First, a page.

Daily press briefings, often marked by confrontations between reporters and the Press Secretary, have been a defining feature of the Trump White House from day one. Perhaps no administration has raised such fundamental questions about what the relationship between the White House and the press should entail, at least since the Cleveland administration initiated them in response to scandal coverage.
PR credibility requires consistent messaging
Press Secretary Sean Spicer and the other White House officials who have sometimes delivered the daily press briefings have often struggled to keep pace with rapidly changing information. The removal of FBI director James Comey in May 2017 was a case in point, with Spicer seemingly unprepared to defend the decision.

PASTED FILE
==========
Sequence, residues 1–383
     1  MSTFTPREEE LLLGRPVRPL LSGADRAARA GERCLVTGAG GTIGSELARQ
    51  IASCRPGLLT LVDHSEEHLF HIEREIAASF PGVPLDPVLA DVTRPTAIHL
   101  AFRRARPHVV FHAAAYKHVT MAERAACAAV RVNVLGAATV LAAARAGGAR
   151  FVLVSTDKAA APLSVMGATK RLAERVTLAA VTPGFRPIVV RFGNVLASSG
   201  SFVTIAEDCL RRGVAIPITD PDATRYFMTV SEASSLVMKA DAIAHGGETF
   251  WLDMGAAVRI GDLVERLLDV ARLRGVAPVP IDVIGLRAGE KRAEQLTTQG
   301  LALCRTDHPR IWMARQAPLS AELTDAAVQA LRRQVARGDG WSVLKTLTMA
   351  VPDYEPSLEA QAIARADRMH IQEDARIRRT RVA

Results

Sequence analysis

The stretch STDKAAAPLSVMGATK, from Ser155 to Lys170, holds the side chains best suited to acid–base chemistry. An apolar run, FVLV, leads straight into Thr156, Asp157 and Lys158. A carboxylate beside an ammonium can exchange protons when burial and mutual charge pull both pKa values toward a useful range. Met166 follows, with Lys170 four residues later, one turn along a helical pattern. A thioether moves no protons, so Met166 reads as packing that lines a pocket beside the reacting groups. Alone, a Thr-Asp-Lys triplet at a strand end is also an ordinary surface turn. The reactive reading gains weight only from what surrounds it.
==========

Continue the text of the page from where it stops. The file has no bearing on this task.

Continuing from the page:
Subsequent comments – about who authorized the firing (the White House or the Department of Justice) and whether executive privilege might be invoked to stop Comey from testifying – only heightened the confusion about the trustworthiness of the White House. Similar issues have emerged around the status of the American Health Care Act, which like the Comey episode, has attracted negative PR and suffered from a lack of consistent messaging to improve its reception among the public.
Aggressive PR initiatives can be hit or miss